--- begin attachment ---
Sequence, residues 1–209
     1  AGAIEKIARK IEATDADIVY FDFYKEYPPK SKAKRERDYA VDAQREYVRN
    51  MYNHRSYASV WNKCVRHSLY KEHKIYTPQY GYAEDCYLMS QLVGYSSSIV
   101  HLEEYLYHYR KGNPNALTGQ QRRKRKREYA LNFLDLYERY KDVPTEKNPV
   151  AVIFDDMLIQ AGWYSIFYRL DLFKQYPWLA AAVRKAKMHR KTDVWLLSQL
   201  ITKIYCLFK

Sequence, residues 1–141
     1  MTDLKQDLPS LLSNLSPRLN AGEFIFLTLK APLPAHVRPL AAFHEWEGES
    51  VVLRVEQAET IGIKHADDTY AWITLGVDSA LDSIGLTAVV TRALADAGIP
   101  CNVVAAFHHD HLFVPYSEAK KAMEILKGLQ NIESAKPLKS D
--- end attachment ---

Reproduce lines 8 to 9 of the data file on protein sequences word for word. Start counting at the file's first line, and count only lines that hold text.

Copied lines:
     1  MTDLKQDLPS LLSNLSPRLN AGEFIFLTLK APLPAHVRPL AAFHEWEGES
    51  VVLRVEQAET IGIKHADDTY AWITLGVDSA LDSIGLTAVV TRALADAGIP